As part of the transformation to a largely greenhouse gas neutral economic system, which is aimed for by the German government by 2050, the environmental impacts of the processes under consideration are changing. Studies funded by the German Environment Agency (UBA) investigated the impacts on resource use and environmental impacts of this transition (UBA, 2014, 2019a,b). In these studies, it was assumed that until 2050 electricity generation will be successively switched to renewable sources, recycling rates in the production of iron, steel and other metals will increase, fossil raw materials and fuels in industry and transport will be replaced by those with a smaller carbon footprint. In order to estimate how the changes in this background system will affect the environmental impacts of the manufacture of the products under consideration, numerous processes in the models of life cycle assessment (LCA) and life cycle impact assessment (LCIA) have been taken into account for the calculations for the support year 2050. Data for the changes on the transformation path were taken from the study “Resource-Efficient Pathways to Greenhouse-Gas-Neutrality” (RESCUE). This process is described in detail in the SYSEET study (UBA, 2020). In particular, the following processes were adapted:

• Electricity generation with 100% renewable energies (incl. PtG (power-to-gas) with conversion into electricity),

• Steel production (increasing recycling rates, conversion to hydrogen as a reducing agent in the DRI (direct reduced iron) process),

• Cement production (firing with methane from PtG production, reduction of the clinker factor, novel binders)

• Aluminum and copper production (increasing recycling rates, conversion to inert anodes).

The adapted processes were placed inside the model, where aggregated datasets (e.g., organic factory construction or the construction parameters for an electrolysis cell-stack) were subdivided in their respective construction material components and replaced with the optimized construction materials. The LCI datasets for the respective construction materials can be found in the Supplementary Material.

LCIA Results and Discussion

For every process, electricity from offshore wind turbines and hydrogen from alkaline electrolysis is used, while CO2 is provided either by DAC or by amine scrubbing from a concentrated point-source (PS). Hydrogen and CO2 are then converted to the respective chemicals: methanol, ethylene and propylene (olefins), benzene, toluene and mixed xylenes (BTX). Two scenarios are provided for the production of aluminum, copper, steel and concrete as building materials today (2010) and projected for the year 2050. The products from both, CCU synthesis in 2010 and 2050, are compared to the respective fossil-based reference products with today's technology level; detailed results for environmental impacts of the reference systems are given in Table 4 (ecoinvent, 2007; PlasticsEurope, 2012, 2013).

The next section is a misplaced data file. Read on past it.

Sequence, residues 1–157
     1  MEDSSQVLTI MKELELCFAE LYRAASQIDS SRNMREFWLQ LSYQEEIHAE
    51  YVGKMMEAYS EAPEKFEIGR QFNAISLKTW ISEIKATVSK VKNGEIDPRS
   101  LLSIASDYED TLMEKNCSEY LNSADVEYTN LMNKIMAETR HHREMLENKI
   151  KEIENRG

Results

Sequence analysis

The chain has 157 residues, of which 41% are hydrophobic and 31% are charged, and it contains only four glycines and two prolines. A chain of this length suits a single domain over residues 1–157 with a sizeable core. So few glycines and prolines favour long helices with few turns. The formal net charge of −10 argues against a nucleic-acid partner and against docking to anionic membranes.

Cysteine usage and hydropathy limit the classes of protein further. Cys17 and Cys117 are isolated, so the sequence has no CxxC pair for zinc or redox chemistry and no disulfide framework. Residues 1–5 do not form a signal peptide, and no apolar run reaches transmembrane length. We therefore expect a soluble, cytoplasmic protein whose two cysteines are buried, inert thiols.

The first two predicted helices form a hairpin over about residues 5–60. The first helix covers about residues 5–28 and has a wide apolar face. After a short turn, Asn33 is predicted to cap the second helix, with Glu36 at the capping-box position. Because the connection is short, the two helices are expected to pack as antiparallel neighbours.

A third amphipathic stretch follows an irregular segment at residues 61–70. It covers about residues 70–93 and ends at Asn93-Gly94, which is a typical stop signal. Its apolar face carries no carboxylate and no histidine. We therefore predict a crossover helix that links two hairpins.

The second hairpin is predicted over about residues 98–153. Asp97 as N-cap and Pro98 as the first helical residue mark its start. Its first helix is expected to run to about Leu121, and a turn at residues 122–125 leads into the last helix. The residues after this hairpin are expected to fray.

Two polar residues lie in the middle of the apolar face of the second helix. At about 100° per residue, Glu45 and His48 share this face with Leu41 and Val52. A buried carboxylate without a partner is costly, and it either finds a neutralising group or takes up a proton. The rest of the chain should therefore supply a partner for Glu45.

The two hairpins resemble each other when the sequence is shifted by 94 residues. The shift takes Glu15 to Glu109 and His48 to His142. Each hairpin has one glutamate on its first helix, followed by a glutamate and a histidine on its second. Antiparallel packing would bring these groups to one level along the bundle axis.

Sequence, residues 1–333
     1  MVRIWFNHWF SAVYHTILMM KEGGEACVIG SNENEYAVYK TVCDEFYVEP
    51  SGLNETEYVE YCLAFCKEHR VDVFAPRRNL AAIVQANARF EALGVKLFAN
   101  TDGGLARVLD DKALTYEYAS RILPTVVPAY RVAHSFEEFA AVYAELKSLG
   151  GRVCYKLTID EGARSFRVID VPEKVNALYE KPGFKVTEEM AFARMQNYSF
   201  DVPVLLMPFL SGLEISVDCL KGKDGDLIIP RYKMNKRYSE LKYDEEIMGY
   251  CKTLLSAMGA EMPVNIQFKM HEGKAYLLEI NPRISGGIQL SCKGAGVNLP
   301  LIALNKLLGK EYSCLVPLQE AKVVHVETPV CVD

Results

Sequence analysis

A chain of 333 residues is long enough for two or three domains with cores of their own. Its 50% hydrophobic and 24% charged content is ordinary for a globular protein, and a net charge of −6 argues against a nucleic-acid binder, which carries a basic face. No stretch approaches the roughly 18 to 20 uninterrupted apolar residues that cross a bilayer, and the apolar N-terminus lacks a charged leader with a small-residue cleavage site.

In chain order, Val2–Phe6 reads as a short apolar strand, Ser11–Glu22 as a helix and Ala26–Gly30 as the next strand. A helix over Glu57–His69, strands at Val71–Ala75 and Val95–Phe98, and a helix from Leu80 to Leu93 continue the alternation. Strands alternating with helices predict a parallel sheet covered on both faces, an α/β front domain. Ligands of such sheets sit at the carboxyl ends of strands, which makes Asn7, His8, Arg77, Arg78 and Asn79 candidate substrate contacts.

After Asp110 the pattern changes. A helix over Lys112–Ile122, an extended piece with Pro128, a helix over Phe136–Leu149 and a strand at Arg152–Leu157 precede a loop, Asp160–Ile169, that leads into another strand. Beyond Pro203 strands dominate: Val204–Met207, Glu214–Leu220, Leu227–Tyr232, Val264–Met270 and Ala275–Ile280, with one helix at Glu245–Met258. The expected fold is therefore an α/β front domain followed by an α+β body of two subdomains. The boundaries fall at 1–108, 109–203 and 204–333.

TABLE 4
www.frontiersin.org

Table 4. Environmental impacts of 1,000 kg fossil reference products.

Reading Example

An example on how to understand GWI results is provided in Figure 2. Comprising a larger amount of single values, the following contributions can be found: Uptake (Up) of CO2 entering the system, which is accounted as “negative” emissions due to the 100:0 allocation approach; process emissions (Em) within the system, subdivided in single process steps; stoichiometrically calculated end-of-life (EoL) emissions after combustion of the product and release of stored CO2; summarized value (Sum) of all contributions representing a C2G + EoL system. Because the values for the “Uptake,” “CO2 Loss,” and “EoL” emission always add up to zero, these values are excluded from following result figures. For simplification and better readability, only process emissions (Em) and summarized values (Sum) will be shown and discussed in the following chapter. For other impact categories, only process emission contributions are shown, as uptake and EoL are not considered.

FIGURE 2
www.frontiersin.org

Figure 2. Reading example of GWI results. GWI values comprise the following contributions: Uptake (Up) of CO2 entering the system (“negative” emission) due to the 100:0 allocation; process emissions (Em) within the system; stoichiometrically calculated end-of-life (EoL) CO2 emissions after combustion of the product; summarized value (Sum) of all contributions, representing C2G + EoL. For simplification, only process emissions (Em) and summarized values (Sum) will be shown, as “Uptake,” “CO2 Loss,” and “EoL” always add up to zero.

Furthermore, figure keys showing process emissions (Em) comprise the following processes:

• Auxiliaries: Auxiliary material production (e.g., carbon black, ethylene glycol), including required energy consumption and energy infrastructure with upstream processes.

• CCU Electricity: Production of electric energy for organic chemical synthesis and electric heat generation, including energy infrastructure and upstream processes.

• CCU Infrastructure: Organic chemical plant infrastructure and upstream processes for all building materials.

• CO2 Electricity: Production of electric energy for CO2 separation processes and electric heat generation, including energy infrastructure and upstream processes.

• CO2 Infrastructure: DAC plant infrastructure or amine scrubbing facilities and auxiliary materials, including upstream processes for all building materials.